The article below was first published on derryjournal.com on Friday 23 April 2010
The following extract from Sean McMahon’s book, “Battles Fought on Irish Soil”, gives a clear account of the Battle of the Bogside, an encounter that the Derry-born author considers of tremendous importance in modern Irish history. It was an event that brought British soldiers on to the streets of Derry - where they stayed for nearly forty years.
The battle of the Bogside in Derry represented the climax of the civil rights movement in Ulster and, effectively, the beginnings of the Northern Ireland ‘Troubles’ as they were euphemistically called.
The clashes began about 2.30 in the afternoon of 12 August during the annual march of the Apprentice Boys to celebrate the lifting of the siege – the ‘Relief of Derry’ – 280 years earlier.
The Bogside is a nationalist area lying to the west of the city walls and close to the commercial centre. Since the RUC’s (Royal Ulster Constabulary) attack on the civil rights march on 5 October the previous year, tension in the city had been growing.
A violent irruption by the RUC on 5 January had led to riots and the concept of ‘Free Derry’ that was painted on a gable wall presaged the ‘no-go’ area that the Bogside was to become.
Crash barriers set up to separate the Apprentice Boys marchers and their supporters from nationalist protesters became rallying points for both sides and, when coins were thrown at the Apprentice Boys, trouble was inevitable.
A hail of missiles greeted even the nationalist community leaders, John Hume, Eddie McAteer and Ivan Cooper, who had been pleading for dispersal; Cooper was hit on the head.
The first petrol bomb was thrown at 4.40pm, by which time the Apprentice Boys had begun to leave the city and the serious rioting started. A loyalist mob from the Waterside took part, fronted by and protected by the RUC.
Even they, already damned as a sectarian force, were alarmed at the intensity of the violence and, protected by riot shields, tried to advance along Rossville Street, firing the missiles back at the largely young crowd.
The eleven-storey block of Rossville flats that towered over the street gave the rioters a decided edge and the RUC were at a corresponding disadvantage. They made no attempt, however, to prevent the damage to property carried out by the crowd of loyalists well behind them.
From 11.00pm, William Street, Rossville Street and the street actually known as the Bogside filled up with CS gas. A volunteer group of paramedics, the Knights of Malta, attended to those suffering the effects of gas and others hurt by missiles and mismanaged petrol bombs.
Old gasmasks issued during the Second World War were rooted out of cupboards and participants claimed that handkerchiefs soaked in vinegar acted quite well as filters. They gave no protection to the eyes, however, and since the night and the following day were heavy and calm without a breath of wind the gas was not easily dispersed. The police began to use live rounds and two men behind the barricade in Rossville Street were injured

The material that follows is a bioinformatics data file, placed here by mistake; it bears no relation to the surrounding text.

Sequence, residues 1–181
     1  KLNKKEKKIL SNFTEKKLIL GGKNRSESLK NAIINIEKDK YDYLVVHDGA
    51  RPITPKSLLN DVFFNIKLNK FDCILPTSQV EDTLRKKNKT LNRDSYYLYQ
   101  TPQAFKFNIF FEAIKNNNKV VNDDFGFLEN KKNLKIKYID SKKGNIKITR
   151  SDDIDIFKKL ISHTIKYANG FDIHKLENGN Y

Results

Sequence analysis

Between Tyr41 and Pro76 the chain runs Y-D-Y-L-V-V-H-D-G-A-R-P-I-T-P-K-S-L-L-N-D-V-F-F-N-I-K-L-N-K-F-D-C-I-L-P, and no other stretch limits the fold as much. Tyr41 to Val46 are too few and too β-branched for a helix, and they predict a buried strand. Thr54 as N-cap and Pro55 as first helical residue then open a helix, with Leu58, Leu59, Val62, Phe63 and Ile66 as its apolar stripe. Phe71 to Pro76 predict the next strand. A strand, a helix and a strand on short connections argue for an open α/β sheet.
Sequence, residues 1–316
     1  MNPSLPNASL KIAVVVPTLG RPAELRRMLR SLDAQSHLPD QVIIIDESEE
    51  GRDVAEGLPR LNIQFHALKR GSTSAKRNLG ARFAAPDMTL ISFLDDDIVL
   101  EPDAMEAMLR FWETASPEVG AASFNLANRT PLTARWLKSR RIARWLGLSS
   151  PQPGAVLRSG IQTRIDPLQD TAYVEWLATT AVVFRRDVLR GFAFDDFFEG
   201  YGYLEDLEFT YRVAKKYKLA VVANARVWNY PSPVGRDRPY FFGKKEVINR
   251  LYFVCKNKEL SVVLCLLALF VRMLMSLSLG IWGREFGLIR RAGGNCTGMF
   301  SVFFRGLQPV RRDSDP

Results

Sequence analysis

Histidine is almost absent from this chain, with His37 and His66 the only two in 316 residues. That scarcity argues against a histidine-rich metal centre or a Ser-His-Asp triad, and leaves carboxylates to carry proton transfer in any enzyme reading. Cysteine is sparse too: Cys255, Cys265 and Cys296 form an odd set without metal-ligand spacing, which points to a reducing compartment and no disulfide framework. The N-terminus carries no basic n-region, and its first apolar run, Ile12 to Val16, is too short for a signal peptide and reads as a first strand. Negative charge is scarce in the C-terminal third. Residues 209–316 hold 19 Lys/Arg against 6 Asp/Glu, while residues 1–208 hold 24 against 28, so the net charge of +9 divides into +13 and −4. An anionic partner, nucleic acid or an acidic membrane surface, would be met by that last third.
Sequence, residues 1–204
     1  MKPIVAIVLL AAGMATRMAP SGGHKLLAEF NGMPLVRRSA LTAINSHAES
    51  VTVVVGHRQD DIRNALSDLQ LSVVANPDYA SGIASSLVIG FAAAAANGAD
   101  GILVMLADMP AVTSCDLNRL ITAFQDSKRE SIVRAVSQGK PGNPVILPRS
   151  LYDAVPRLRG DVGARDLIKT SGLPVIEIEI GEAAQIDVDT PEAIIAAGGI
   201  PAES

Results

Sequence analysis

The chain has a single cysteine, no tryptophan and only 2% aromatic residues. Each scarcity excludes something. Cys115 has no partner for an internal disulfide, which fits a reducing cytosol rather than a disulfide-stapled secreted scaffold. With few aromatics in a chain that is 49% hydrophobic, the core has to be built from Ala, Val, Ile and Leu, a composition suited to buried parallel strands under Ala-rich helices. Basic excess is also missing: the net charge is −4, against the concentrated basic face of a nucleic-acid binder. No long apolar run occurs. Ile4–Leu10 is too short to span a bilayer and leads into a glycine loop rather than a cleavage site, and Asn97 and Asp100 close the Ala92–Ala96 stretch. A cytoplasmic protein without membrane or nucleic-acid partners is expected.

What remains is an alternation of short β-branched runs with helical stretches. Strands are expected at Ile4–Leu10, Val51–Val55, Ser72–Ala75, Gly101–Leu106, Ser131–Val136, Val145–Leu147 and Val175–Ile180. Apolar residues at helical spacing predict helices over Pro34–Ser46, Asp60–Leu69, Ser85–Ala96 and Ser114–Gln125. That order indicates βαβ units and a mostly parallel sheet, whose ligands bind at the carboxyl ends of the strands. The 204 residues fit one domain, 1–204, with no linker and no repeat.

Local doctors and nurses organised emergency hospitals. During the night several buildings were set on fire, with Stevenson’s bakery and Richards’s shirt factory gutted.
Among the significant figures on the nationalist side was Bernadette Devlin a member of the People’s Democracy who had been injured in a previous protest march at Burntollet Bridge and who acted as a kind of Joan of Arc. She tirelessly reviewed the Bogside defences, addressing the crowd through a loud-hailer.
By Thursday the battle assumed a kind of almost comic pattern: attacks from the nationalist side seemed to stop for meals.
There was little or no action at lunch and teatime but the fighting was renewed with greater intensity after these lulls. By now Catholics of all classes felt the need to involve themselves in the struggle.
There was a sense of the significance of what was already known as ‘the Battle of the Bogside’. Television cameramen from international networks were recording each detail of the struggle. It was believed that one of the reasons for the lull at 6pm was the hope by the younger participants that they might see themselves on the ‘telly’. The Irish government kept a close eye on the proceedings, calling an emergency cabinet meeting, and on the Wednesday evening Jack Lynch, the Fianna Fil Taoiseach, stated on television: ‘The government of Ireland can no longer stand by and see innocent people injured and perhaps worse.’ In the cabinet strongest pressure came from Republican hardliners like Neil Blaney, who urged some unspecific invasion of Derry. Lynch, conscious of the effect such a move might have on the welfare of
Catholics in Belfast, held firm but asked the British government to apply to the United Nations to send a peacekeeping force.
The terror in all nationalist minds was that the entirely sectarian and armed B-Specials, mobilised that evening, would swamp the Bogside and be happy to use live rounds. Lynch did order units of the Irish army stationed near Letterkenny to set up properly equipped field hospitals at the border, at most five miles from the scene of the fighting.
Stronger lobbying of James Callaghan, the Home Secretary by John Hume and others finally persuaded him to authorise the deployment of the British army. They appeared on the streets at 6.00 some from the local Ebrington barracks but mostly from the troopship Sir Tristram. They assembled in Guildhall Square and Shipquay Street before moving to Waterloo Place and William Street. As they arrived the exhausted RUC moved gratefully out. The Battle of the Bogside was over.